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« Fear, Action and Persistence. From great achievers in life. | Main | Get Busy Living or Get Busy Dying. »

March 23, 2017



As an American coming to Japan, I had trouble (like many foreigners in Japan) understand the gestures, as well as the unspoken/unexpressed cultural clues there. I could watch a TV drama in which a young female protagonist would walk into a room and exchange glances with the male protagonist...silently for something like 5 or 10 seconds, then leave the room with a renewed anger or determination or something. I would watch in a stupor, exclaiming, "WTF just happened!". Hopefully, then I could ask a nearby Japanese friend for interpretation of the situation in the drama.

It was during my time as an international student that I finally grasped the importance of non-verbal communication, estimated by some researchers to represent up to 70% of the total communication "package". I also gradually came to understood the awful truth: English language and it's American cultural context, while a superb medium for explicit clarity (prized by lawyers and scientists, for example), are actually a very poor combination in the world of non-verbal communications. American English (and also perhaps many of the other English speaking regions) puts Americans at a significant disadvantage out in the world.

Americans are probably used to feeling a bit of a superiority complex with respect to the benefits of being a native speaker of the most widely accepted and published international language [sorry, Esperanto...]. But in fact, we are often inexperienced and largely untrained in the survival art of non-verbal communication. English is described as a "low context language", while Japanese is an example of a "high context language", which often consciously or unconsciously obfuscate pronouns, objects, or descriptive details because the listener is supposed to understand, or for various other reasons. I also experienced this in Finland, where a certain joke goes that you can tell an introverted Finn from an extroverted one because while the introvert looks at his shoes while speaking to you, the extrovert looks at YOUR shoes while talking to you. One of my Finnish colleagues also the following poster on his company cubicle. All of my American and British friends tended to agree!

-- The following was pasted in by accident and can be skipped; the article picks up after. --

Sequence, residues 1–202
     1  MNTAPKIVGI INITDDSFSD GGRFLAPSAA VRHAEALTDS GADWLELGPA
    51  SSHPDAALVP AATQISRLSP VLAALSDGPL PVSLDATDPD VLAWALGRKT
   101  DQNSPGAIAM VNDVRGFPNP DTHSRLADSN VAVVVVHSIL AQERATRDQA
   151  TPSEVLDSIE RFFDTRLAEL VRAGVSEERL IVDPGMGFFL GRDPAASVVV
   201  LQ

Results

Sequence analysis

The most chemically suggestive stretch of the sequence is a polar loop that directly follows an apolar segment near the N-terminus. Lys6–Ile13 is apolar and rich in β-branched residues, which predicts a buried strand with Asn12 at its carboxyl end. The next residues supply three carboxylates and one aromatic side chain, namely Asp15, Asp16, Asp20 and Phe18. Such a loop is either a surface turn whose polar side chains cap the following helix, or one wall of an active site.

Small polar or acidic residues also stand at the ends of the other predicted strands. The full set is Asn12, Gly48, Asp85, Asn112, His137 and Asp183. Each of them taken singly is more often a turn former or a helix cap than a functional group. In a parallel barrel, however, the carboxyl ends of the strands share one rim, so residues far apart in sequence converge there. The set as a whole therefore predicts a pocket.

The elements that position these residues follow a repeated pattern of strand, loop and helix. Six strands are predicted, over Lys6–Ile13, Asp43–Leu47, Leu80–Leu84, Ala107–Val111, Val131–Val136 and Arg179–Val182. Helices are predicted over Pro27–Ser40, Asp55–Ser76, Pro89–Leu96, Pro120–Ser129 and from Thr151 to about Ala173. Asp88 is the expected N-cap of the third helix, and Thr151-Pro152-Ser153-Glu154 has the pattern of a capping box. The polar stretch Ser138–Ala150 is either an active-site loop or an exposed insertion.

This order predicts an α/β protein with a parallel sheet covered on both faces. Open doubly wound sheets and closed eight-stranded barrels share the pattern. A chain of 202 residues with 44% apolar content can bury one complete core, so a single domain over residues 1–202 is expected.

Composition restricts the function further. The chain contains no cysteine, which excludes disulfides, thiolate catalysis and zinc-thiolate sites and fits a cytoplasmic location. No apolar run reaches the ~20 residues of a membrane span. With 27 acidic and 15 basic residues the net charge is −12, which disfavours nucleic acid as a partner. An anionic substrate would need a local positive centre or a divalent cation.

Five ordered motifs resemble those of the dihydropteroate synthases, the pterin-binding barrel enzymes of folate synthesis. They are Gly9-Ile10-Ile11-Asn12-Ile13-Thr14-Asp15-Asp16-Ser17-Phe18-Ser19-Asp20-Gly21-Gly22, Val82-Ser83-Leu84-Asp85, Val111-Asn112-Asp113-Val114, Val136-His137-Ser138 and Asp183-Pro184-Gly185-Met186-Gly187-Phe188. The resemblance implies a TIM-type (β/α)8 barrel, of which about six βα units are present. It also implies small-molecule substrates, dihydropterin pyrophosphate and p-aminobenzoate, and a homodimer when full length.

In any case, there is an interesting guy, Richard Lewis, who worked with governments or diplomats in Japan, UK, Finland, and other nations, and who wrote articles and books about intercultural communications, especially focused on helping expats become acclimated to a new cultural environment. The famous one I read is called "When Cultures Collide". I take some of his concepts with a grain of salt, as they tend to oversimplify in the interest of maximizing familiarity, and probably also entertainment value. But his books, as well as his successful consultancy, demonstrate the importance of and the fascination we all have with the variety and the complexity of communication in this global society.

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